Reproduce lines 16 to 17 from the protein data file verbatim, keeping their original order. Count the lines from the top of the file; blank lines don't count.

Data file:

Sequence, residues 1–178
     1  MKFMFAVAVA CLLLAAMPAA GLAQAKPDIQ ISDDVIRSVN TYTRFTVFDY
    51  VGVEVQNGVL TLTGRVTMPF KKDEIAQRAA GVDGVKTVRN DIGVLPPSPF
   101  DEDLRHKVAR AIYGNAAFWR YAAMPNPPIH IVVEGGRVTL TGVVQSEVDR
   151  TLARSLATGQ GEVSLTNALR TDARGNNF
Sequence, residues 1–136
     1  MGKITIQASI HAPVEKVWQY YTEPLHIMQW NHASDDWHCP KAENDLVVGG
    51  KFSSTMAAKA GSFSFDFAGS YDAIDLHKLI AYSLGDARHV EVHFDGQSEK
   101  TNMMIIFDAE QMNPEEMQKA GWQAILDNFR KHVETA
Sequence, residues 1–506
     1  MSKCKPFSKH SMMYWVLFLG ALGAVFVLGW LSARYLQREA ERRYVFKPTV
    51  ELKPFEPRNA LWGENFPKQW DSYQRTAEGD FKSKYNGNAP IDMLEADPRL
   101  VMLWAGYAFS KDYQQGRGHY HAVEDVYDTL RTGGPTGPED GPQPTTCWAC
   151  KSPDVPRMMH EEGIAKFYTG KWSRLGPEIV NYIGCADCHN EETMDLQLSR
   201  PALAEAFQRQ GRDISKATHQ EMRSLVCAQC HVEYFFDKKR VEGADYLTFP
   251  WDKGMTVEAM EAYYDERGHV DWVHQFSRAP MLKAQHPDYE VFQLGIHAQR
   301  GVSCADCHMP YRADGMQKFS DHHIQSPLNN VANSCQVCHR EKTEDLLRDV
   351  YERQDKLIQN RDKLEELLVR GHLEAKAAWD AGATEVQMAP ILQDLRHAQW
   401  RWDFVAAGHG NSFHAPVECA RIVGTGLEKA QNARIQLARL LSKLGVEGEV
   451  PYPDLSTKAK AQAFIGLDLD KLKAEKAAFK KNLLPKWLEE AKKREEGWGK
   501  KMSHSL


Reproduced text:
   251  WDKGMTVEAM EAYYDERGHV DWVHQFSRAP MLKAQHPDYE VFQLGIHAQR
   301  GVSCADCHMP YRADGMQKFS DHHIQSPLNN VANSCQVCHR EKTEDLLRDV